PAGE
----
Yet, oddly, less than 10 years after light rail had been reintroduced, L.A. had the busiest light rail line in the country and transit ridership had finally begun to rebound.
So you have to take a long view about this.
I assumed first year ridership wouldn’t be too high. But it’s a bit below even my lowball estimates, which causes me a bit of fear. I really do want to the line to be uber successful. I’d like to see decent DMU style service all over the area (we could definitely use it).
The other part I fear, is that I don’t see Portland attracting too much business to the area in which it runs. Unless they have a magic trick to pull off, the area has already lost a few big employers in and around the area. Another few in the Wilsonville area aren’t doing too well. Thus my increasing concern that the start line isn’t going to be so starter if the ridership doesn’t pick up.
"Yet, oddly, less than 10 years after light rail had been reintroduced, L.A. had the busiest light rail line in the country and transit ridership had finally begun to rebound. "
It should also be noted that the Los Angeles basin has a higher percentage of "trips taken by transit" than Portland does; somewhat ironic but true.
Los Angeles has a far greater transit network, and decent bus connections can be found at each rail stop. Los Angeles builds transit for the sake of transit – moving people. Transit Oriented Development comes after the need to move people is accomplished.
In Portland, we have already lost sight of actually moving people. WES wasn’t built to move people, it was built because it was sexy and we could. Even the FTA didn’t think the ridership was there, but had its professional analysis overridden by Congress.
IMO, I think in ten years WES is going to follow the ill-fated commuter rail lines in Vermont, New Hampshire and upstate New York that didn’t make sense there. Are there places where commuter rail in our region could work? Absolutely. But our region is so bent on "development oriented transit" and making Fred Hansen look sexy in front of something that we aren’t going to make a bold, progressive step that L.A. did when it formed Metrolink some 15 years ago.
Yeah, Portland does need another dose of "let’s move people" versus "let’s build stuff that looks neat-o".
As for workable commuter lines, the first two I can think of would be Vancouver AND Camas areas. Both have ROW that could have extra tracks added, and BNSF has already proven they’re perfectly happy running passenger trains (ala Sounder).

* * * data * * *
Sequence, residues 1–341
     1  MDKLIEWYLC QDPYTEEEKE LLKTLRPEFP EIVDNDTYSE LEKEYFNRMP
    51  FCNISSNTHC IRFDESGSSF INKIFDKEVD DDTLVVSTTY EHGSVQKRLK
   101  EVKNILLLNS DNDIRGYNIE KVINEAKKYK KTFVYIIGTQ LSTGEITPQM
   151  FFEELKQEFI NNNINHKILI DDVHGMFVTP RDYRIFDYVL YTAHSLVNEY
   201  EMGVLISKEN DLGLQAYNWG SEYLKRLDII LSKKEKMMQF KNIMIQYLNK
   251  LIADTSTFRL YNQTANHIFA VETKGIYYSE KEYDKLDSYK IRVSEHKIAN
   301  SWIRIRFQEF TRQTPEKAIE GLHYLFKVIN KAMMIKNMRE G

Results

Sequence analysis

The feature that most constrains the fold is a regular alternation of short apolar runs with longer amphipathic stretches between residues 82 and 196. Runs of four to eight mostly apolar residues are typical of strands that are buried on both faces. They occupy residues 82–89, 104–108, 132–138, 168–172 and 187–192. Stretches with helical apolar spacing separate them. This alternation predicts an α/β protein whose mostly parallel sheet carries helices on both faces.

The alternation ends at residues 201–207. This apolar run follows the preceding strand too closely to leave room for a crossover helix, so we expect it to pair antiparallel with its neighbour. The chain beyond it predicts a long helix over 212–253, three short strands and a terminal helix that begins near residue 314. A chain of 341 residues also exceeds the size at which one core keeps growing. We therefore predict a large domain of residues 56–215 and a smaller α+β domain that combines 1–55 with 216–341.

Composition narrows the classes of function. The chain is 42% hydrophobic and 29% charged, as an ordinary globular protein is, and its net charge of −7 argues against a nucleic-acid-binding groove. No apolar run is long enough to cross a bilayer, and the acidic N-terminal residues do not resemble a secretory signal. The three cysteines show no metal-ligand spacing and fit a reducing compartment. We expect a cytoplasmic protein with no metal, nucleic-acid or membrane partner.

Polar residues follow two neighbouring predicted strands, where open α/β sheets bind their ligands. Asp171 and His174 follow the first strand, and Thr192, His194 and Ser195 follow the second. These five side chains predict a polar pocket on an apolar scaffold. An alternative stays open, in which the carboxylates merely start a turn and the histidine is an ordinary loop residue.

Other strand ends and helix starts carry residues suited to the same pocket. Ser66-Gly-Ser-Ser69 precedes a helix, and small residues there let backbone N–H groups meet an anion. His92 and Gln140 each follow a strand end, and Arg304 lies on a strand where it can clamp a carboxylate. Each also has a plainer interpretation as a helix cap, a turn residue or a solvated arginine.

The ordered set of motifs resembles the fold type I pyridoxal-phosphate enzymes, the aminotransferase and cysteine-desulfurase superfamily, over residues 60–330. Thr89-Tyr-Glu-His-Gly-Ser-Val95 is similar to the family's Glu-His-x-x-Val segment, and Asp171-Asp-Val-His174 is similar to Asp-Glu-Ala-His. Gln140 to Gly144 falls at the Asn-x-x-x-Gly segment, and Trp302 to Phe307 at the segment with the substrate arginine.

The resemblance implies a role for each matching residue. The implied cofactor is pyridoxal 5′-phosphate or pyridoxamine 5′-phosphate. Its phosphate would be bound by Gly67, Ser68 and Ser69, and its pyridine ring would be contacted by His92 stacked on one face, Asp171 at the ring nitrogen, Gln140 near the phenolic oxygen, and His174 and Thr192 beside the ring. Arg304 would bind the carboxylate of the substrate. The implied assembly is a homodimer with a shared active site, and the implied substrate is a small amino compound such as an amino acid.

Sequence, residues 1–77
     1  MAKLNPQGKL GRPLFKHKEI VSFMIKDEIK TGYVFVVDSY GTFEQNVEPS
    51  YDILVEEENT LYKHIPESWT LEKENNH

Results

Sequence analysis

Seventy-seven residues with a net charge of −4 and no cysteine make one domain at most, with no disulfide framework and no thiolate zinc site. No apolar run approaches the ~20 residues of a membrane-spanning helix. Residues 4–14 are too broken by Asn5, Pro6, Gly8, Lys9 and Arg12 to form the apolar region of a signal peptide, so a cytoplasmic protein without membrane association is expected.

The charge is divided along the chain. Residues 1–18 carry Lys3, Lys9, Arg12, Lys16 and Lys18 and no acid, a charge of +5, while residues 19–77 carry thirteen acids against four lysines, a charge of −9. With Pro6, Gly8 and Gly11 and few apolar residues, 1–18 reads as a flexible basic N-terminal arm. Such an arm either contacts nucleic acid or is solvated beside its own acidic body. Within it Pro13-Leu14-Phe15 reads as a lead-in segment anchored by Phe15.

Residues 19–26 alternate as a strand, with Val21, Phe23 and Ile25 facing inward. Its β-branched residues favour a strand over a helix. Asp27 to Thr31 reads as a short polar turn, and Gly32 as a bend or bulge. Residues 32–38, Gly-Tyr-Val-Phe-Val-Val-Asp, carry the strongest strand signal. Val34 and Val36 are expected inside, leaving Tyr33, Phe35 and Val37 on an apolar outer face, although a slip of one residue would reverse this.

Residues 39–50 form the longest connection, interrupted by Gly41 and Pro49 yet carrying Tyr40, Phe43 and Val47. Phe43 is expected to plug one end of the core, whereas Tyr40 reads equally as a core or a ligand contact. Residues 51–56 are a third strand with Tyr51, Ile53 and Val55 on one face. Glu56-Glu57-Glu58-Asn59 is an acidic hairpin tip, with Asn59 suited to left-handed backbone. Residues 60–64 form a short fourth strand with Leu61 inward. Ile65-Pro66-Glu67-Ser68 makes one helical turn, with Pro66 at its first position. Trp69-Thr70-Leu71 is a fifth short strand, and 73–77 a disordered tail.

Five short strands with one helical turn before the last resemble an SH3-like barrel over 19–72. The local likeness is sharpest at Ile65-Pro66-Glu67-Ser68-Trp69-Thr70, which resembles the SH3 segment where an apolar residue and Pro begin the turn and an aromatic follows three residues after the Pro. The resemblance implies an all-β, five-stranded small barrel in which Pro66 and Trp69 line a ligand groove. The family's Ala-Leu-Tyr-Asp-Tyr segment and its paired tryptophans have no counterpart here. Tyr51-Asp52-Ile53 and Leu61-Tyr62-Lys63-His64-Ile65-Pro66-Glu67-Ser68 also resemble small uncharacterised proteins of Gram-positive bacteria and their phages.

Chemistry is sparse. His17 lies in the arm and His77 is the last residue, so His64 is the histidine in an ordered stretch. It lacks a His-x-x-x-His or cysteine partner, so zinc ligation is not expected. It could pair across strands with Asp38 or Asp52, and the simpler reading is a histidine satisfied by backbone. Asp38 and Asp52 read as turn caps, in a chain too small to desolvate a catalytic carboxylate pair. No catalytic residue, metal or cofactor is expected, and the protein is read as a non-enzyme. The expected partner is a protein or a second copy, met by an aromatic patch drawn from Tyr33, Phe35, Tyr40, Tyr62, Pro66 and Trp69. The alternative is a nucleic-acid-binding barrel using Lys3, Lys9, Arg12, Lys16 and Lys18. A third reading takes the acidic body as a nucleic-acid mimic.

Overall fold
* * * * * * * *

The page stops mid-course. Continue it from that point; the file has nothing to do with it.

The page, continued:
The other corridor is to run to Salem. WES could be extended along that corridor, but currently it doesn’t really connect all that it should…
…that however gives me an idea though. It’ll be in a future write up. 🙂
Eric, you understand L.A. pretty well. It’s not to say L.A. is necessarily better than Portland, but each area has its own strengths and weaknesses.
Our Metro does not have the land-use authority vested within the agency, like in Portland. In fact, California government is famous for its junior high-school like modus operandi. It is reflected not only in the intelligence of who gets put into office, but since we are a democracy, the electorate as well. :>
Our governance is very much like a junior high school in that it is divided into tiny cliques deeply suspicious and resentful of outsiders. So, the transit agency clique must negotiate with a municipal clique, which must then deal with many subcliques (utilities, school districts, etc.) on its own.
This is what prevents development oriented transit, not any lack of will on the part of any agency.
Yet it is also a plus. The sad thing about L.A.’s rail development is that it is fundamentally a remedial system. Metro Rail is our equivalent of the community college "fundamentals" courses that bring students up to the level to where they should have passed with a C average somewhere in high school.